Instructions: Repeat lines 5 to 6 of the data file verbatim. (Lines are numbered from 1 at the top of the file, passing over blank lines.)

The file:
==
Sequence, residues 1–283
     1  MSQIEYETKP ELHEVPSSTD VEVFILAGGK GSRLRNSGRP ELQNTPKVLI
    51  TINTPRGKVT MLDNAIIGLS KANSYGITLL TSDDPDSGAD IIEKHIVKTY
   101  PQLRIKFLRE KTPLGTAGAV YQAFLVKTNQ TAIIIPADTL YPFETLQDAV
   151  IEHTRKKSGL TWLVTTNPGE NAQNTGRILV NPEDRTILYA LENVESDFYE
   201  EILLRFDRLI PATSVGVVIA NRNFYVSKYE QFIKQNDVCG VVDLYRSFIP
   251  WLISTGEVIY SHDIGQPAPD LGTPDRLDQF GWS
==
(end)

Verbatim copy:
   151  IEHTRKKSGL TWLVTTNPGE NAQNTGRILV NPEDRTILYA LENVESDFYE
   201  EILLRFDRLI PATSVGVVIA NRNFYVSKYE QFIKQNDVCG VVDLYRSFIP